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Yay, I've had interesting comments on my previous article about using curl to test web servers before going live!

I think there are a couple of things that are worth unpacking: what kind of problems am I trying to spot? and why curl with a wrapper rather than some other tool?

What webmasters get wrong before deployment

Here are some of the problems that I have found with my curl checks:

  • Is there a machine on the target IP address that is running a web server listening on port 80 and/or port 443?

  • Does it give a sensible response on port 80? either a web page or a redirect to port 443? A common mistake is for the virtual host configuration to be set up for the development hostname but not the production hostname.

  • Does it return a verifiable certificate on port 443? With the intermediate certificate chain?

  • Is the TLS setup on the new server consistent with the old one? Like, will old permanent redirects still work? If the old server has strict transport security, does the new one too? We have not had many security downgrades, but it's a looming footgun target.

This is all really basic, but these problems happen often enough that when I am making the DNS change, I check the web server so I don't have to deal with follow-up panic rollbacks.

Usually if it passes the smoke test, the content is good enough, e.g. when I get HTML I look for a title or h1 that makes sense. Anything content-related is clearly a web problem not a DNS problem even to non-technical people.

What other tools might I have chosen?

Maciej Sołtysiak said, "I usually just speak^H^H^H^H^Htype HTTP over telnet or openssl s_client for tls'd services." I'm all in favour of protocols that can be typed at a server by hand :-) but in practice typing the protocol soon becomes quite annoying.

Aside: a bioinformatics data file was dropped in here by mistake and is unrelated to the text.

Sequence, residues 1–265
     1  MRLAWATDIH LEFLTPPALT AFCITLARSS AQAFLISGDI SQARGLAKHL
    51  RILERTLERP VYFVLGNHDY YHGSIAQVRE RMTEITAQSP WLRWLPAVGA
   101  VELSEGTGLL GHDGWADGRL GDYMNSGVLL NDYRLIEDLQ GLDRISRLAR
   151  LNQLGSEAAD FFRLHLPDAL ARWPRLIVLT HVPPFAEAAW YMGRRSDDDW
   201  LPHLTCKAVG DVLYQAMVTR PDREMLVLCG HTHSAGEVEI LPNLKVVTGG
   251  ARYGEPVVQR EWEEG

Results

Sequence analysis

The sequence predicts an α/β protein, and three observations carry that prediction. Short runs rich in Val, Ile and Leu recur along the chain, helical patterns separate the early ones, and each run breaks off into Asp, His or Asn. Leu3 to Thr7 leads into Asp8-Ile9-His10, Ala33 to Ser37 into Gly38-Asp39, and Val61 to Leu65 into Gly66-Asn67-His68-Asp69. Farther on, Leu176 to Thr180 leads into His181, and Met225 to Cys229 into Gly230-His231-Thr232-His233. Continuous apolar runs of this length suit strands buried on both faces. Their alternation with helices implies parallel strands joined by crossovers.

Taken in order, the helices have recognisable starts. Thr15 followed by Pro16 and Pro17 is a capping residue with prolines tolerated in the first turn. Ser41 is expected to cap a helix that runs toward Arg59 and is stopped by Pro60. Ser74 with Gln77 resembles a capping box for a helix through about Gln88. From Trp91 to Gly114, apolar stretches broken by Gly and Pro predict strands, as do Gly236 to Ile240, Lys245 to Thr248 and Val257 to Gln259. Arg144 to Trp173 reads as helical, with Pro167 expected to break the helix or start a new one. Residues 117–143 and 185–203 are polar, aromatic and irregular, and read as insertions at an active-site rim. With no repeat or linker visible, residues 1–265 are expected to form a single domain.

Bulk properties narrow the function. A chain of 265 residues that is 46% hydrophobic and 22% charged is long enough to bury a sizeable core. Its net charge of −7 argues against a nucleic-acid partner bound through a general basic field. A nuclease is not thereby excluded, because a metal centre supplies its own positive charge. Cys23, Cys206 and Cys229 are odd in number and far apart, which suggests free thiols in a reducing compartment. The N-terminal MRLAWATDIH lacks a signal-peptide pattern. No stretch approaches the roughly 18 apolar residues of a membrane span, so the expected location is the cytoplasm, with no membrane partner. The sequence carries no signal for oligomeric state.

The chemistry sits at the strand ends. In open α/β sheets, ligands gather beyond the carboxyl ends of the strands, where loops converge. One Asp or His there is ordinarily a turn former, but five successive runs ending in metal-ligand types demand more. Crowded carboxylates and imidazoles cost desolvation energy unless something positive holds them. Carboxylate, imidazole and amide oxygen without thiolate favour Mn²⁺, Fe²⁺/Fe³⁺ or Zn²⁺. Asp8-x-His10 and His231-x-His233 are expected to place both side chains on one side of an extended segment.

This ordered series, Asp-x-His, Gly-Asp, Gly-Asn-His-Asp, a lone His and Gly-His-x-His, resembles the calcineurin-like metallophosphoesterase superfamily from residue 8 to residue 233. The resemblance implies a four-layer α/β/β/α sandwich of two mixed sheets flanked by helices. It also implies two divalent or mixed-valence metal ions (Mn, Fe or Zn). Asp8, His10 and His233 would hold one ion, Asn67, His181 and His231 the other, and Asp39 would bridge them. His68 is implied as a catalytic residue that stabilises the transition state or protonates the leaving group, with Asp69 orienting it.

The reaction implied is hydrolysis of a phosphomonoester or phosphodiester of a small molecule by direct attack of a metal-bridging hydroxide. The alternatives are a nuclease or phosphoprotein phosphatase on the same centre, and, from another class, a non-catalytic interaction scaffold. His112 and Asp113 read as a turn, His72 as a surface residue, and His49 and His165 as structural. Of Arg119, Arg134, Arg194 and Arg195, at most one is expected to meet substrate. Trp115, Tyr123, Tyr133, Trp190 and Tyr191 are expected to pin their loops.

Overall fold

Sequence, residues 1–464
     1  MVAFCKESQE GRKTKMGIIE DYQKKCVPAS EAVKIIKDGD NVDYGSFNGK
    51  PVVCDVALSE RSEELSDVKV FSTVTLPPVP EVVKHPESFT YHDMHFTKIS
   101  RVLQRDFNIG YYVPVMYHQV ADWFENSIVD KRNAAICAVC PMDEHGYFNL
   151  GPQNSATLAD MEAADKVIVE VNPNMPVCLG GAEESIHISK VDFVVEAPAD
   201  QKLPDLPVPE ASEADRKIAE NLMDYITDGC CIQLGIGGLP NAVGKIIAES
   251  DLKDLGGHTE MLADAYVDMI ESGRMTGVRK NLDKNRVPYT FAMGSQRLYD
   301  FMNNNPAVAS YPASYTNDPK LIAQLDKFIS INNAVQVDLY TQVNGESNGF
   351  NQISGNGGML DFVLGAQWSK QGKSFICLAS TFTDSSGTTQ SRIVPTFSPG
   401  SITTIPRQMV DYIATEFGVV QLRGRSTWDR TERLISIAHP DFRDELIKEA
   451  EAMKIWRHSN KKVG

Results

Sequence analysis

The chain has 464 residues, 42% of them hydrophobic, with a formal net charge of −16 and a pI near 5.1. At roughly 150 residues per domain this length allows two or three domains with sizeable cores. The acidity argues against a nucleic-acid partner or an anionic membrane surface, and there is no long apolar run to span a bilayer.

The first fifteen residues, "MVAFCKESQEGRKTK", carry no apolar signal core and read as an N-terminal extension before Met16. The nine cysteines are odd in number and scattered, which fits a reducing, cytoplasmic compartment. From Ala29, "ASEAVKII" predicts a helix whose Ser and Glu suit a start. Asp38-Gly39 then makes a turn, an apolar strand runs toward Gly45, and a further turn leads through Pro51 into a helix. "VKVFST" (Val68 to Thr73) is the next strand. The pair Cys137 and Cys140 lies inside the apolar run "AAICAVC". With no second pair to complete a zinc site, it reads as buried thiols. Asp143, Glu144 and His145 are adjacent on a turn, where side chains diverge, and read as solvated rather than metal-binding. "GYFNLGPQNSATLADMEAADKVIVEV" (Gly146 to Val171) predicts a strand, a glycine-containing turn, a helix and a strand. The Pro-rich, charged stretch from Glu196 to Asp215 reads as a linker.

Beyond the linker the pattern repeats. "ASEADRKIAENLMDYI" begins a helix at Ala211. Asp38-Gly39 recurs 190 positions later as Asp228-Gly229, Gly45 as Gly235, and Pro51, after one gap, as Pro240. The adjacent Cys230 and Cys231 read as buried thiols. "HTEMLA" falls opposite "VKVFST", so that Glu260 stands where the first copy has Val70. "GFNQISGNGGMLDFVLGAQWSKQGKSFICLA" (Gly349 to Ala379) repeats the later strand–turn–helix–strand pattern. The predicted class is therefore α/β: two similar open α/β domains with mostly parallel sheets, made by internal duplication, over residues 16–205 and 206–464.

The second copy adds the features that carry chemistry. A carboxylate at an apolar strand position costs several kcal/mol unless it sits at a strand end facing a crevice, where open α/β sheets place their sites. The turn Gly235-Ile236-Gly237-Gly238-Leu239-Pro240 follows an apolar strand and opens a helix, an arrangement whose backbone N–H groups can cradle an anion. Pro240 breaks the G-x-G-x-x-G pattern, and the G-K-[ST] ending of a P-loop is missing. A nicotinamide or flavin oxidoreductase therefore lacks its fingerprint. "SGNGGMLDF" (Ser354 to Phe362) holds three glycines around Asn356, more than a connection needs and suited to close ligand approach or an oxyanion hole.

HTTP is vexing because the URL gets split between the Host: header and the request path, so you can't trivially copy and paste the user-visible target into the protocol (in the way you can for SMTP, say). [And by "trivially" I mean it's usual for terminal/email/chat apps to make it extra easy to copy entire URLs as a unit, and comparatively hard to copy just the hostname.]

And when I'm testing a site, especially if it's a bit broken and I need to explain what is wrong and how to fix it, I'm often repeating variations of an HTTP(S) request. The combination of command line histroy and curl's flexibility makes it super easy to swicth between GET and HEAD (-I) or ignore or follow redirects (-L), and so on.

OK, so I don't want to type in HTTP, but often I don't even need to HTTP to find a site is broken. But checking TLS is also a lot more faff without curl.

For example, using my script,


How do I do that with openssl?

    openssl s_client -verify_return_error \
        -servername \

OK, that's pretty tedious to type, and it also has the chopped-up URL problem.

And, while curl checks subject names in certificates, openssl s_client only checks the certificate chain. It does print the certificate's DN, so you can check that part, but it doesn't print the subjectAltName fields which are crucial for proper browser-style verification.

So if you're manually doing it properly, you need to copy the certificate printed by s_client, then paste it into openssl x509 -text and have a good eyeball at the subjectAltName fields.

I have done all these things in the past, but really, curl is awesome and it makes this kind of smoke test much easier.

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